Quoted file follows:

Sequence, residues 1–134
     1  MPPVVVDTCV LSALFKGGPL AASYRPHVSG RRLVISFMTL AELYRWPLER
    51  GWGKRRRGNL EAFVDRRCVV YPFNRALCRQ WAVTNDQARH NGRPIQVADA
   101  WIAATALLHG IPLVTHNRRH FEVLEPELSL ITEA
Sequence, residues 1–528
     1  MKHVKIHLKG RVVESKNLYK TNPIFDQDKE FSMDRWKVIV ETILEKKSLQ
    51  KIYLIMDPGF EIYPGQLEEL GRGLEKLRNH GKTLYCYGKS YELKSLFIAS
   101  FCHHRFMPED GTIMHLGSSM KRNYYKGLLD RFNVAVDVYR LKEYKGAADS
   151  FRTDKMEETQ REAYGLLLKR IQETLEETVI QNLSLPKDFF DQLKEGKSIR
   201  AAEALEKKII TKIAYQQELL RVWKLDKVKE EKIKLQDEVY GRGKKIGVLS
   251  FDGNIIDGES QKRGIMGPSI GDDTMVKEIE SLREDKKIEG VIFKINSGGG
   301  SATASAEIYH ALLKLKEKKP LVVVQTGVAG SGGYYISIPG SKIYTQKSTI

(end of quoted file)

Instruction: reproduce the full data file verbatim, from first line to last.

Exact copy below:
Sequence, residues 1–134
     1  MPPVVVDTCV LSALFKGGPL AASYRPHVSG RRLVISFMTL AELYRWPLER
    51  GWGKRRRGNL EAFVDRRCVV YPFNRALCRQ WAVTNDQARH NGRPIQVADA
   101  WIAATALLHG IPLVTHNRRH FEVLEPELSL ITEA
Sequence, residues 1–528
     1  MKHVKIHLKG RVVESKNLYK TNPIFDQDKE FSMDRWKVIV ETILEKKSLQ
    51  KIYLIMDPGF EIYPGQLEEL GRGLEKLRNH GKTLYCYGKS YELKSLFIAS
   101  FCHHRFMPED GTIMHLGSSM KRNYYKGLLD RFNVAVDVYR LKEYKGAADS
   151  FRTDKMEETQ REAYGLLLKR IQETLEETVI QNLSLPKDFF DQLKEGKSIR
   201  AAEALEKKII TKIAYQQELL RVWKLDKVKE EKIKLQDEVY GRGKKIGVLS
   251  FDGNIIDGES QKRGIMGPSI GDDTMVKEIE SLREDKKIEG VIFKINSGGG
   301  SATASAEIYH ALLKLKEKKP LVVVQTGVAG SGGYYISIPG SKIYTQKSTI